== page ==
Nick Clegg: Snoopers’ charter is not going to happen with Liberal Democrats in Government

Julian Huppert has already joyfully welcomed Nick Clegg’s decision to veto Tory plans on web snooping. However, I thought I’d give you the chance to hear Nick Clegg’s words from Call Clegg this morning. I certainly wasn’t expecting such an unequivocal statement. He has given himself no wiggle room at all. This is what he said:

What people have dubbed the snoopers’ charter, I just have to be clear with you, that’s not going to happen. In other words, the idea that the Government will pass a law which means there would be a record kept of every website you visit, of who you communicate with on social media sites, that’s not going to happen. It’s certainly not going to happen with Liberal Democrats in government. We all committed ourselves at the beginning of this Coalition Government to learn the lessons from the past, where Labour overdid it, tried to constantly keep tabs on everybody. We have a commitment in the Coalition Agreement to end the storage of email and internet information unless there is a very good reason to do so. Of course we need to support, and I’ve spoken to senior police officers and people from the security services, of course we need to support them. They’ve got very significant powers already which I support them in deploying to go after criminals, to keep us safe. There are technical issues about how, as technology changes you got to update that. For instance, we’ve all got more and more mobile devices but there aren’t enough IP addresses to go round and we need to straighten that out and that’s clearly something the Government will do. We will work with the police and others to do so. But this idea of a snooper’s charter, as it’s been dubbed, where a law is passed where there is a record kept of all the websites that you visit, of who you communicate with on social media sites, I’m afraid I think that’s not necessarily workable nor proportionate so it’s not going to happen.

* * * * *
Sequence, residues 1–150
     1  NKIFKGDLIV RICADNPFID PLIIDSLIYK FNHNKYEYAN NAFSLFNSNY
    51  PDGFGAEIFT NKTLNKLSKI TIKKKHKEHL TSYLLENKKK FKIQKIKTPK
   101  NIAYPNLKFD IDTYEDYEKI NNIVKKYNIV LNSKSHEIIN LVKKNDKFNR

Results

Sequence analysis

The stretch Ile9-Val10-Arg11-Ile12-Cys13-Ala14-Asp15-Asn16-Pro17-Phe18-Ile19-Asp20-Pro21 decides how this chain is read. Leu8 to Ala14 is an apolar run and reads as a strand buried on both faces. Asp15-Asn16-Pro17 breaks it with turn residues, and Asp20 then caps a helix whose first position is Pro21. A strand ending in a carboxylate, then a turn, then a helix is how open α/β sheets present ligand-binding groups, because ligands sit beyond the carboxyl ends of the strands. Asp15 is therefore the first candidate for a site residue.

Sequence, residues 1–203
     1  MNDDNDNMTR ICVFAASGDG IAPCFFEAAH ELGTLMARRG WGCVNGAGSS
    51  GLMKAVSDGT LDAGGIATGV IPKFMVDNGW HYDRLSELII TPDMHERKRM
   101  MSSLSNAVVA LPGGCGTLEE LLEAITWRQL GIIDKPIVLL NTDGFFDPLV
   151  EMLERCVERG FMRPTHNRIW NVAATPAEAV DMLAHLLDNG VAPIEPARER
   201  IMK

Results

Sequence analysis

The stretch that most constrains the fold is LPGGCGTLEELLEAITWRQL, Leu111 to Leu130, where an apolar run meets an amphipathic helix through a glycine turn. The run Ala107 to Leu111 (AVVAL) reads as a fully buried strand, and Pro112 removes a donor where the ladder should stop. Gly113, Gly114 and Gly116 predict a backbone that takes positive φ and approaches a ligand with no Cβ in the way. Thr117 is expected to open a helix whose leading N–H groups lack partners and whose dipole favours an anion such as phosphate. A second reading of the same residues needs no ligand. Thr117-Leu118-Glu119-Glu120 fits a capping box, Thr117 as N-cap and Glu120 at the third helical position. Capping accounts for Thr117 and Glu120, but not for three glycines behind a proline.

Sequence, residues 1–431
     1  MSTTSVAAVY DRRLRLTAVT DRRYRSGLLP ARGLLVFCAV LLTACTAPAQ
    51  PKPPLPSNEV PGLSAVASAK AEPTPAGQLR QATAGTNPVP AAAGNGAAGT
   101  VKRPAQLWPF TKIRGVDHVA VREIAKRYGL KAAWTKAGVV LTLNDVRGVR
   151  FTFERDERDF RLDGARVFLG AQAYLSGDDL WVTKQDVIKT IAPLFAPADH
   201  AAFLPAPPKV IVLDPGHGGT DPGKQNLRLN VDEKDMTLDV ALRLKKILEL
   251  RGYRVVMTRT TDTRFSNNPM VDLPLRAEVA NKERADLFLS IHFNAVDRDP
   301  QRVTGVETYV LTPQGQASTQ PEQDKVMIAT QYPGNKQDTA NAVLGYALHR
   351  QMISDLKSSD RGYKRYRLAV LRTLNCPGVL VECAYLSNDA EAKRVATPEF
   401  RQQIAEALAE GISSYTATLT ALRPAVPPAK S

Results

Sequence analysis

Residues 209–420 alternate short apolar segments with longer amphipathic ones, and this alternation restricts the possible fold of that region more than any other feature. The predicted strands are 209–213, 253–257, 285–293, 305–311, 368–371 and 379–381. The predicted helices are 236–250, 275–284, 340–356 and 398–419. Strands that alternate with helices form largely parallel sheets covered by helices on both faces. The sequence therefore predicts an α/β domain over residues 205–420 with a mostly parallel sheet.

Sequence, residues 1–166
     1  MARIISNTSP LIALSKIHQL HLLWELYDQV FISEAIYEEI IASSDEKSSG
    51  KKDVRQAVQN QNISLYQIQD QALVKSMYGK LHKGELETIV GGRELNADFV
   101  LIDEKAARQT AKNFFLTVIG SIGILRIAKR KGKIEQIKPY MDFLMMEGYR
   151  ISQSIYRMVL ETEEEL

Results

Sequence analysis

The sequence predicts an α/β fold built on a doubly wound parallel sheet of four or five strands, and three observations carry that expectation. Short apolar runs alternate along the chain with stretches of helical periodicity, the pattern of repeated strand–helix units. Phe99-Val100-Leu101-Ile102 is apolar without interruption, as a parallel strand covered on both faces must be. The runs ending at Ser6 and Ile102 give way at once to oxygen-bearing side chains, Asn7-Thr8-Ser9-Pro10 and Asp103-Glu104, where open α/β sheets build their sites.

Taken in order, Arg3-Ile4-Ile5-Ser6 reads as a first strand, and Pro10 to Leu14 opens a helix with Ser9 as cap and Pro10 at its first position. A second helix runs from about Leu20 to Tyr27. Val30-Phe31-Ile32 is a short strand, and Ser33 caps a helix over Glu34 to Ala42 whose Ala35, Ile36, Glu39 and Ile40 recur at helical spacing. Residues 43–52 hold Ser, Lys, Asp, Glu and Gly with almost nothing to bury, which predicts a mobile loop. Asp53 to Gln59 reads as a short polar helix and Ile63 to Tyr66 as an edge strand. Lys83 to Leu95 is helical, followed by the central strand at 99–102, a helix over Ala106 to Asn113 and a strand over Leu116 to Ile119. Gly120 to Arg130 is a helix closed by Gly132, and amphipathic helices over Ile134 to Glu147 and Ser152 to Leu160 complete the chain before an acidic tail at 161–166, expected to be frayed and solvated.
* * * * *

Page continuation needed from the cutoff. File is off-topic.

As I understand it the IP address issue does not require legislation.

Nick added:

There is work that clearly needs to be done on issues where I think most reasonable people would think you do need to keep up with technology, particularly this issue where you have to make sure you’ve got an IP address attached to every device, you don’t. The police say that’s a big issue and you’ve got to look at that. But I think the full scale approach of basically saying you are going to just scoop up and horde huge amounts of data, for instance, literally recording every website that you ever visit, and everybody visits, so that you’ve got this great treasure trove of data that you can then dip into if you need to, I don’t think the British public will support that. I don’t think it’s in many ways necessarily workable for various technical reasons there are large parts of the internet industry, the internet service providers, who say it’s not necessarily technically feasible, and I don’t think it’s necessarily proportionate. We’ve got to get the balance right between giving the police, of course, the tools they need to do the job, but they need to do so in a way that also gets the balance right between liberty and security, between privacy and what law enforcement agencies do.